Figure 4. Image provided by Finnish Animal Breeding Association
The Ayrshire is a moderate butterfat breed. The actual average of all Ayrshires on Official DHIR test is over 12,000 pounds of milk with a 3.9% test. Ayrshires respond to good management and feeding practices and individual Ayrshire herds average as high as 17,000 pounds of milk and 700 pounds of butterfat.
Top producing Ayrshires regularly exceed 20,000 pounds of milk in their lactations. The current world record for Ayrshire is held by Lette Farms Betty's Ida. In 305 days, on twice-a-day milking, she produced 37,170 pounds of milk and 1592 pounds of fat. The Ayrshire Breeders' Association does not officially recognize records in excess of 305 days, but one Ayrshire has produced over 41,000 pounds of milk and 1800 pounds of butterfat in 365 days.
Development in the United States
The first importations of Ayrshires to the United States was believed to have been made by Henry W. Hills, of Windsor, Connecticut, around 1822. Farmers in New England needed a dairy cow that would graze the pastures of their rough, rocky farms and tolerate the cold, often inhospitable winters. In many ways, the environment in New England was very similar to the Ayrshire's native Scotland, and she thrived in her new home. Even today, the Ayrshire is very popular in New England, but her popularity has spread and the Ayrshire herds are now located in every part of the United States including the Deep South. The largest numbers of Ayrshires are registered each year in New York, Pennsylvania, Ohio, Wisconsin, Minnesota, Iowa and Vermont.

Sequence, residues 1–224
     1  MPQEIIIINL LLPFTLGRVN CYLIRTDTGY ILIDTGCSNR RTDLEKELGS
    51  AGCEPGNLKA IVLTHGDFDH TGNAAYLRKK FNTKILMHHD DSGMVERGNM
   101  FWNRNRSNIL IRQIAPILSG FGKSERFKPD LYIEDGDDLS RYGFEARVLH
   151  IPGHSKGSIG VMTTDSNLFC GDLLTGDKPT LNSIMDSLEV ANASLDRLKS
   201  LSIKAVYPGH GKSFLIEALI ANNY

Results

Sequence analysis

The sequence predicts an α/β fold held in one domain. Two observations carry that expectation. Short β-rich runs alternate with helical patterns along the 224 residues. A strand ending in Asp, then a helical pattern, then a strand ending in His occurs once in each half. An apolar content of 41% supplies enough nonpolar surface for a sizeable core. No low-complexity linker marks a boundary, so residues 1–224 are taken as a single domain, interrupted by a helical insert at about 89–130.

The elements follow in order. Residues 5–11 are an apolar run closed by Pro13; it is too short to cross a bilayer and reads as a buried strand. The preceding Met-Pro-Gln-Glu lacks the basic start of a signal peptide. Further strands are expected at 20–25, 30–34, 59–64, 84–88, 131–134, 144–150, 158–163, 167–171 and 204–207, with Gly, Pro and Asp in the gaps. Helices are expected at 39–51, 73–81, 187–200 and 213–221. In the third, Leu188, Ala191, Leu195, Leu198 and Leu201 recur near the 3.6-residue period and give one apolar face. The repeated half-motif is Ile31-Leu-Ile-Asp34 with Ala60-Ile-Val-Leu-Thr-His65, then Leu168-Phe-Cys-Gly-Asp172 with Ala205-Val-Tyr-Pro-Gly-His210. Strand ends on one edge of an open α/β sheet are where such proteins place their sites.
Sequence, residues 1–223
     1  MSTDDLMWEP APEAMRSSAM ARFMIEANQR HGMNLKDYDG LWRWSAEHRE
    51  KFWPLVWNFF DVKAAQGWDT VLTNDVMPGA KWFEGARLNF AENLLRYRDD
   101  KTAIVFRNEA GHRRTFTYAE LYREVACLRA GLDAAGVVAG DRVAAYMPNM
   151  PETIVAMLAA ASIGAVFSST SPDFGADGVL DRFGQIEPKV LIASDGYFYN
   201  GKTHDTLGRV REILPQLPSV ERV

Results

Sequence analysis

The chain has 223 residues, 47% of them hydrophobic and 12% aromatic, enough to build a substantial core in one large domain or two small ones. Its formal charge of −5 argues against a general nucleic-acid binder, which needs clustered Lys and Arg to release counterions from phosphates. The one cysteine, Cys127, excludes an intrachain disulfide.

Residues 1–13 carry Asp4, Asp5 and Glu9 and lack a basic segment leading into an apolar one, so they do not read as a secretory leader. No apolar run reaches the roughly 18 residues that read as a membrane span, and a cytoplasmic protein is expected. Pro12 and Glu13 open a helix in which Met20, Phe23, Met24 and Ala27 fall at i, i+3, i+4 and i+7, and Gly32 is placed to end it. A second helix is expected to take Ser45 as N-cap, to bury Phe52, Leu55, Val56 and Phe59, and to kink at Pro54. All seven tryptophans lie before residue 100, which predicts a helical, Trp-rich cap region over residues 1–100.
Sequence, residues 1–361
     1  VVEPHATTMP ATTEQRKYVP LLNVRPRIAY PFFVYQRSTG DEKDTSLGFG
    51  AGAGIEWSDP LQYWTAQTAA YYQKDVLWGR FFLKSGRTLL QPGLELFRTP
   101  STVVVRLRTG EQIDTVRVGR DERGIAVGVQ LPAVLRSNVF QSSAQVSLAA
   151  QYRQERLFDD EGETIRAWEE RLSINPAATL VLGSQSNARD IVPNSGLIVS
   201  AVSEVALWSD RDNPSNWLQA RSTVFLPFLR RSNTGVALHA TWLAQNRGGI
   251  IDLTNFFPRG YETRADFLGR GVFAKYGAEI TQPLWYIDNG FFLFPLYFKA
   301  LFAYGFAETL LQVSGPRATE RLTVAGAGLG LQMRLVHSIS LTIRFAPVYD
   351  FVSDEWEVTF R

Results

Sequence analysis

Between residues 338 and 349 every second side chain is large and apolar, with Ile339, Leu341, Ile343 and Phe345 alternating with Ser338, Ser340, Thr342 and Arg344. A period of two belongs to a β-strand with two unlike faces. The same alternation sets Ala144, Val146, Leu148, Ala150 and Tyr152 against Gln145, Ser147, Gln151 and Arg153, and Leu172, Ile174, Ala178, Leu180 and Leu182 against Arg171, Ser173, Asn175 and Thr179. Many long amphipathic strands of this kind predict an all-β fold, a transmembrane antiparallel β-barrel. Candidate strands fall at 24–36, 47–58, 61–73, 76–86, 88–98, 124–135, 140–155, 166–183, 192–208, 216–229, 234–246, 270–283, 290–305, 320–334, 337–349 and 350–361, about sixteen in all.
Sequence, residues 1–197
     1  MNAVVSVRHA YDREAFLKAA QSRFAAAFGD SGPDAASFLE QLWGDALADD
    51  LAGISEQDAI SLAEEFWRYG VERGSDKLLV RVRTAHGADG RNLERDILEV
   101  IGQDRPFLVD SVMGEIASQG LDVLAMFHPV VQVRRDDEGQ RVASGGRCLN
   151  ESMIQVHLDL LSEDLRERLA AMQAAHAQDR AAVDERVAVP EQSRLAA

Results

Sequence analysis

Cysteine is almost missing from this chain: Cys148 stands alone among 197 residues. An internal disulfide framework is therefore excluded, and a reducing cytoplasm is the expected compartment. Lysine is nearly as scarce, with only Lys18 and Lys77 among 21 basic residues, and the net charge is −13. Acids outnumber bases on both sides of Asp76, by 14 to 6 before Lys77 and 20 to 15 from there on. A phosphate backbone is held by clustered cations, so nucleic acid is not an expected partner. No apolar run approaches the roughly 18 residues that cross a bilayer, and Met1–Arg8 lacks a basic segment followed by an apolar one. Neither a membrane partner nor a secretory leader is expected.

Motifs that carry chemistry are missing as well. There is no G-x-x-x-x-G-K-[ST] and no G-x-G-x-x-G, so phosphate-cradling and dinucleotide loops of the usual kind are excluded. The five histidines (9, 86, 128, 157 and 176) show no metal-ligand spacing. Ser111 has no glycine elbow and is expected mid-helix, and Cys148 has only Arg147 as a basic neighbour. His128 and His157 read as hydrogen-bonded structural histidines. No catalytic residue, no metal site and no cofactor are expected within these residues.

During the early part of the Twentieth Century, Ayrshires were noted for their extremely good type. Old photographs of Ayrshire cattle confirm this fact. To demonstrate their hardiness, the Ayrshire Breeders' Association staged one of the most spectacular promotional events ever conducted by a dairy breed registry association. In 1929, two Ayrshire cows named Tomboy and Alice, were literally walked from the association headquarters at Brandon, Vermont, to the National Dairy Show at St. Louis, Missouri. Both cows not only survived the trip, but calved normally and went on to produce outstanding milk records of the time.
During the Twenties and Thirties, many Ayrshire herds were established near cities. Some of these farms bottled and distributed their own milk. In the late Thirties, the Ayrshire Breeders' Association established the Approved Ayrshire Milk program. The program served the purpose of promoting Ayrshires by promoting their milk. To qualify, a herd had to be comprised entirely of Ayrshires, and the herd owner had to maintain the highest health standards. Promotional materials from the time stated that Ayrshire milk had a better flavor. It also emphasized the unique composition of Ayrshire milk and made it more healthful, especially for children and babies. The promotional literature recommended that mothers give their children Ayrshire milk to be sure they grew up to be strong and healthy.
Milk marketing, like herd management, has changed and the Approved Ayrshire Milk program is no longer in operation. However it is interesting to note that the promotional themes of the Approved Ayrshire Milk program were very similar to those of modern milk marketing campaigns.
The development of the Ayrshire breed is a story of dedicated people as much as it is of great dairy cattle. Farmer breeders, whose livelihood depend on their cattle, along with wealthy hobby farmers and talented and dedicated herd managers all share equal credit for their contributions to the development of the Ayrshire breed. The Ayrshire cow is universally recognized as one of the most beautiful of the dairy cattle breeds, but much more important is the fact that she has been bred and developed to be a useful and profitable dairy cow. With proper feeding and management, the Ayrshire will produce at a profitable level for her owner. By using the modern breed improvement tools of DHI or DHIR testing, type traits appraisal, and artificial insemination, an Ayrshire breeder can be sure of breeding better Ayrshires to meet the demands of the modern dairy industry.
Ayrshire Associations and Registries
Briggs, H.M. & D.M. Briggs. Modern Breeds of Livestock. Fourth Edition. Macmillan Publishing Co. 1980
Promotional materials. Ayrshire Breeders' Association, 1224 Alton Darby Creek Rd., Suite B, Columbus, OH 43228